The Merkle Claim Trie

How the data structure that organizes claims by names works, how proofs are generated/verified and how consensus on the state of the trie is represented.

For looking into how claims end up in the trie, read this instead.

The Trie

A Trie is an ordered tree data structure. Think of it as a hash map or dictionary where the keys are ordered and organized in prefixes. It’s used for storing claims by name and looks (a bit) like this: Wikipedia claimtrie

You can read more on it here, but for understanding the ClaimTrie let’s just think of it as a mapping of names and claims where you can easily find which character of a name prefix forms a collision. Like the first t for {to, tea, ted, ten} and the e in te for {tea, ted, ten}.

Consensus

Each block header holds an extra 256 bits value calculated out of the root node of the claim trie at that block height. It’s called nameclaimroot and is influenced by all children nodes as we will see next. If a blockchain network peer disagrees that a claim name was accepted or who is the winner of each name, its nameclaimroot will differ and the block won’t form the same chain as the ones that accepted the official rules. This is the same for the traditional Merkle root, which is the root of the Merkle tree, formed by transactions in a block.

What’s in a leaf?

The leaf currently holds the winner of that name. Its formed by the transaction hash, output number of the claim in that transaction and the height it was accepted.

Generating the leaf hash

So, let’s suppose that the winner claim of mindblown name was made at transaction output 1 of the transaction hash 67ad533eb2676c9d36bfa100092af5358de747e08ef928c0c54a8b3891c2b76b and included in the Trie at height 102.

  1. The transaction hash is converted from RPC byte order to internal byte order.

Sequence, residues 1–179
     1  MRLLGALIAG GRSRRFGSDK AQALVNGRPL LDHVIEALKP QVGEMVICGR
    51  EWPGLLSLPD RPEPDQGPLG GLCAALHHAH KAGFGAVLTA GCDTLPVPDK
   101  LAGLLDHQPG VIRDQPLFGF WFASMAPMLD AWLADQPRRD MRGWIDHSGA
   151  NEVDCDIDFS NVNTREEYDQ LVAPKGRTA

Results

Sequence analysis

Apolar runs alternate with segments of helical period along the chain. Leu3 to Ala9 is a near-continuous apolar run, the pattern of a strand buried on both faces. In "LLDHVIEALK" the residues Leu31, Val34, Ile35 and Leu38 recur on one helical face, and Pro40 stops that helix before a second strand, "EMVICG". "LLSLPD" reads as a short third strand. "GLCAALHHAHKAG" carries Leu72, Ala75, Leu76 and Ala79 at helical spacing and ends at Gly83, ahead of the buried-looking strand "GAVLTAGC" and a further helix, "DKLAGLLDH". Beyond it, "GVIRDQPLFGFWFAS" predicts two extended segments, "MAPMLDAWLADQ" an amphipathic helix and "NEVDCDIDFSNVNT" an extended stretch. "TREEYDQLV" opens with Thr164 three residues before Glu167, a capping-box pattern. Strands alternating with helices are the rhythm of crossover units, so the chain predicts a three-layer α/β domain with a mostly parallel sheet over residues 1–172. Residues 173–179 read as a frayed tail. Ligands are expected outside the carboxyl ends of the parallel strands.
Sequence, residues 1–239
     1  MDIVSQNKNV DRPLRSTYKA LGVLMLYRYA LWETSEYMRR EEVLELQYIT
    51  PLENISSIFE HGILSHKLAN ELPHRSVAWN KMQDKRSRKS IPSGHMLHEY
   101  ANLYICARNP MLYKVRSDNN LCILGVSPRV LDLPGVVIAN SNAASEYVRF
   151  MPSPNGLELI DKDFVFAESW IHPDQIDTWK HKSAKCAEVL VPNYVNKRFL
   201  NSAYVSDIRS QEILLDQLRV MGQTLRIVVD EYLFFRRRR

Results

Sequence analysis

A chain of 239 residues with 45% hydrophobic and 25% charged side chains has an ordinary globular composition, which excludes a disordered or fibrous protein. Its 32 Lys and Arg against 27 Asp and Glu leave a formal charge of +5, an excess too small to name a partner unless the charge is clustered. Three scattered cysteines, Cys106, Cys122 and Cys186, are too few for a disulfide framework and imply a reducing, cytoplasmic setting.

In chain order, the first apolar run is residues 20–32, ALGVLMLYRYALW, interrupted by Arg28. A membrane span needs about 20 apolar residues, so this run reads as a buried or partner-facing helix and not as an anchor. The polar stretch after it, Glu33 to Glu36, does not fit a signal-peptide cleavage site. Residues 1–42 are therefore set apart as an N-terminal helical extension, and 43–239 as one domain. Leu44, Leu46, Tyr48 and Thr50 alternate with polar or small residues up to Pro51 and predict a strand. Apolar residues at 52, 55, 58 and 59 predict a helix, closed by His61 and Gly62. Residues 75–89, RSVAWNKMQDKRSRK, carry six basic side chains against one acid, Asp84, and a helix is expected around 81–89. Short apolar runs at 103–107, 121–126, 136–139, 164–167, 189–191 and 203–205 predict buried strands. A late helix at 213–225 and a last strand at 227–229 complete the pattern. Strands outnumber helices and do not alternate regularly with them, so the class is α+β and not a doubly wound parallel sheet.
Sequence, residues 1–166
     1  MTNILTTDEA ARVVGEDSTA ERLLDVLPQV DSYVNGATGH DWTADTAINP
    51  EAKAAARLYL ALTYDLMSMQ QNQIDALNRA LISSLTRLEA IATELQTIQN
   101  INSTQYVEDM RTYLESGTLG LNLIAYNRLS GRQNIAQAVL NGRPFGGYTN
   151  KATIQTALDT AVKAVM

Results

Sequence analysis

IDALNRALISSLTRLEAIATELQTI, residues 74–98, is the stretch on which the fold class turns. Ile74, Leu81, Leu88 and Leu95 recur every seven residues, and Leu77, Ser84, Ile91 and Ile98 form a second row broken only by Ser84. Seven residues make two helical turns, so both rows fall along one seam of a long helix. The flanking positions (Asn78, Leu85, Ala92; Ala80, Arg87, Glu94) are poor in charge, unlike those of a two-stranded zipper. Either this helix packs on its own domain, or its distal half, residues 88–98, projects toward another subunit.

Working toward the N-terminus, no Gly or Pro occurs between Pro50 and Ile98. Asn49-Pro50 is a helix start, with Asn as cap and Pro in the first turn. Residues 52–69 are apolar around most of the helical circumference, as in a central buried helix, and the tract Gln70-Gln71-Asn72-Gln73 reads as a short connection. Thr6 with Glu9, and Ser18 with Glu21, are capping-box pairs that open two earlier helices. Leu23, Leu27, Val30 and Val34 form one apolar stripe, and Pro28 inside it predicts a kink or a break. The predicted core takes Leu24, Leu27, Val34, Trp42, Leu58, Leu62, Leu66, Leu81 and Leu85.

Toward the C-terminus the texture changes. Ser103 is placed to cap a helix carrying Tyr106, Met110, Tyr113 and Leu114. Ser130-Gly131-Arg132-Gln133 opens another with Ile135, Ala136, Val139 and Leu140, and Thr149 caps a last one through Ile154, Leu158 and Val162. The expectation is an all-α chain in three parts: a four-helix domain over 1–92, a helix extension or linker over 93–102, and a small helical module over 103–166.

2. The output number becomes a simple string.
  3. The height becomes a big endian 64 bits value.
  4. The node hash is calculated as the double sha-256 hash of the double sha-256 hash of the internal byte order representation of the transaction hash concatenated with the double sha-256 hash of the output number representation concatenated with the double sha-256 hash of the height.

This is better represented in the simple python script below:

import struct
from hashlib import sha256
from binascii import unhexlify, hexlify
name = "mindblown".encode()
tx = '67ad533eb2676c9d36bfa100092af5358de747e08ef928c0c54a8b3891c2b76b'
nout = 1
at_height = 102

sha256d = lambda x: sha256(sha256(x).digest()).digest()
def hash_leaf(tx, nout, height):
    raw_tx = unhexlify(tx)[::-1]
    raw_nout = str(nout).encode()
    raw_height = struct.pack('>Q', height)
    return sha256d(sha256d(raw_tx) + sha256d(raw_nout) + sha256d(raw_height))

print("leaf hash is {}".format(hexlify(hash_leaf(tx, nout, at_height)[::-1])))

How is the root hash calculated?

Let’s start with a ClaimTrie holding a single claim. The claim is named mindblown and was included at block 102 with the same details as the last section. It’s actually a real claim as you can see in the block explorer. This block has the first claim ever, so the ClaimTrie was the simple case being explained in here. We start with the leaf hash:

  1. Hash the leaf hash using double sha-256.
  2. For each character of the name (nodes of the trie), the hash of a node is the double sha-256 of the node’s character concatenated with the children hash.

Continuing with the Python script from the last section, this is how to calculate the root of a claim trie holding a single name:

def hash_single_claim_trie(name, claim_tx, claim_nout, claim_height):
    final_hash = sha256d(hash_leaf(claim_tx, claim_nout, claim_height))
    for character in reversed(name):
        final_hash = sha256d(bytearray([character]) + final_hash)
    return final_hash

print("root hash is {}".format(hexlify(hash_single_claim_trie(name, tx, nout, at_height)[::-1])))

What if there are more leafs?

Just concatenate the node character with the children’s hashes sha256d(character + leftmost child hash + … + rightmost child hash ). TO BE IMPROVED

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All information should be considered incomplete and possibly incorrect and things may not work as expected.



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